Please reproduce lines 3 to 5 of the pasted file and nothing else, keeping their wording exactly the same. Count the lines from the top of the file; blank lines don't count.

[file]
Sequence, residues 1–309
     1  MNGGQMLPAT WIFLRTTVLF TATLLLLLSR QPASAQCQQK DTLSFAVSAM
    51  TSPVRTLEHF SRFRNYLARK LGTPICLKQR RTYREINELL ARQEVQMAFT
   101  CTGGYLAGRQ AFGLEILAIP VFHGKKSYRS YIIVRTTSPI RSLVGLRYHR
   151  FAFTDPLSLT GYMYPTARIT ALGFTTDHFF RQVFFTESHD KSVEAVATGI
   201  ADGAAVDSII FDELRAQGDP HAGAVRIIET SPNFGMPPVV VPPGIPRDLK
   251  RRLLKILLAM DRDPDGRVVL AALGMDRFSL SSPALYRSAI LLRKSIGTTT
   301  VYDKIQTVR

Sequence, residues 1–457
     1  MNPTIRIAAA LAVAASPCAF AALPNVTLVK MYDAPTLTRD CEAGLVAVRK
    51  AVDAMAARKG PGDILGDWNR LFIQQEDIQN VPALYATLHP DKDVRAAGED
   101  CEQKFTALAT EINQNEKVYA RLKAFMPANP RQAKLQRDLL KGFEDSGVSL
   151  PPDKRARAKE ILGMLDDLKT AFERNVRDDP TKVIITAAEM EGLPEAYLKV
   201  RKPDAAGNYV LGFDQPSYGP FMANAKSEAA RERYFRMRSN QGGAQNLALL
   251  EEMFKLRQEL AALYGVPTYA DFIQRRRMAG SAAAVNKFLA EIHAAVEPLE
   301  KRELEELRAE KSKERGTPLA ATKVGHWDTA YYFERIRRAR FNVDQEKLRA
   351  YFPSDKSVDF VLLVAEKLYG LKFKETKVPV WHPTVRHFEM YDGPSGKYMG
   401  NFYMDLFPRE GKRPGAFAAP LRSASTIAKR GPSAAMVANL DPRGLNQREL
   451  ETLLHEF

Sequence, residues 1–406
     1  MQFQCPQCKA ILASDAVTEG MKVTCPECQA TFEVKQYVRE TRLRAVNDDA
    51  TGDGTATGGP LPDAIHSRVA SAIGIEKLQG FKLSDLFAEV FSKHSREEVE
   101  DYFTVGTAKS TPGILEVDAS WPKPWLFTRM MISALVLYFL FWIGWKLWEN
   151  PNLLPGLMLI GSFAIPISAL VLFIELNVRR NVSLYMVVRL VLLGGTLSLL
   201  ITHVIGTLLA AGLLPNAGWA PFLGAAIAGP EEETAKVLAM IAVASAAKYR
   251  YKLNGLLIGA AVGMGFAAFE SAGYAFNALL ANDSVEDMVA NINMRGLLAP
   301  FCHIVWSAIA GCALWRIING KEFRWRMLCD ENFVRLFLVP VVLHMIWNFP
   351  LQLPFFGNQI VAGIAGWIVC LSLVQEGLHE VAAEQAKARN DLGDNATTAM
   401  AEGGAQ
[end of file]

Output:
    51  TSPVRTLEHF SRFRNYLARK LGTPICLKQR RTYREINELL ARQEVQMAFT
   101  CTGGYLAGRQ AFGLEILAIP VFHGKKSYRS YIIVRTTSPI RSLVGLRYHR
   151  FAFTDPLSLT GYMYPTARIT ALGFTTDHFF RQVFFTESHD KSVEAVATGI